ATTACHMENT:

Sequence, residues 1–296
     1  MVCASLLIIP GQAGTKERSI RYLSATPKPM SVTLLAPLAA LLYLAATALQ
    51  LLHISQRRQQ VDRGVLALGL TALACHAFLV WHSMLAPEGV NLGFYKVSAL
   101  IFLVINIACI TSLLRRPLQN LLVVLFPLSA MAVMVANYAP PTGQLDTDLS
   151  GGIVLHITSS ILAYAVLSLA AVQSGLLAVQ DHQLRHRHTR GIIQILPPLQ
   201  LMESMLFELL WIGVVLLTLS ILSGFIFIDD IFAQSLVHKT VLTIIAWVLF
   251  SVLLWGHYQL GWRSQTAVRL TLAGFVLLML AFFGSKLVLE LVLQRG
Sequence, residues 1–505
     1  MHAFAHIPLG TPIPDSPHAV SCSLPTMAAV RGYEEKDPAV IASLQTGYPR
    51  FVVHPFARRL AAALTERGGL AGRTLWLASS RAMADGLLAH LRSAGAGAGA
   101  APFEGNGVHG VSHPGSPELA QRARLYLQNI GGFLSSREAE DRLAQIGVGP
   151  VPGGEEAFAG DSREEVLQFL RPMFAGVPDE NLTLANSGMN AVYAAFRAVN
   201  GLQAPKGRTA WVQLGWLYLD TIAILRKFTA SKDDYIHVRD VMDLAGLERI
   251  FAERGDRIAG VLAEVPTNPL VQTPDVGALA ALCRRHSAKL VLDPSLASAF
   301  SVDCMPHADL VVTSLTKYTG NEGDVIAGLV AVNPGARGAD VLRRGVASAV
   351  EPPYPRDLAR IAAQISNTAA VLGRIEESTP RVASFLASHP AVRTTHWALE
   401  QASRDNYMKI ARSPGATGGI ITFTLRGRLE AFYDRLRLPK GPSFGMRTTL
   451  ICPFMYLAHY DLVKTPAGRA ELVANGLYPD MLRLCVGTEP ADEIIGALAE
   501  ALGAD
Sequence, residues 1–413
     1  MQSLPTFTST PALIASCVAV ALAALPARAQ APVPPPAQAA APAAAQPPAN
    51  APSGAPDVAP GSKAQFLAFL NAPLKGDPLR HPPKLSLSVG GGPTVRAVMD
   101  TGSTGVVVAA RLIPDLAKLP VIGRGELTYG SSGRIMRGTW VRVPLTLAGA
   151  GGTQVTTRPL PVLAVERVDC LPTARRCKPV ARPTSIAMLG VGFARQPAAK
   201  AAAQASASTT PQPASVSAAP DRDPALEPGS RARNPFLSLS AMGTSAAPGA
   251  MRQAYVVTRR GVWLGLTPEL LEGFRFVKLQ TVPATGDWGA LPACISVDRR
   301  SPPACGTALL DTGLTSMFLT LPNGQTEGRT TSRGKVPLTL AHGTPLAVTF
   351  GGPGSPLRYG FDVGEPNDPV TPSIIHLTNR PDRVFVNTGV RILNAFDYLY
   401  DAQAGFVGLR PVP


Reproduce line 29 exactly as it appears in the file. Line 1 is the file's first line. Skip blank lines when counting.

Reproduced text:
   401  DAQAGFVGLR PVP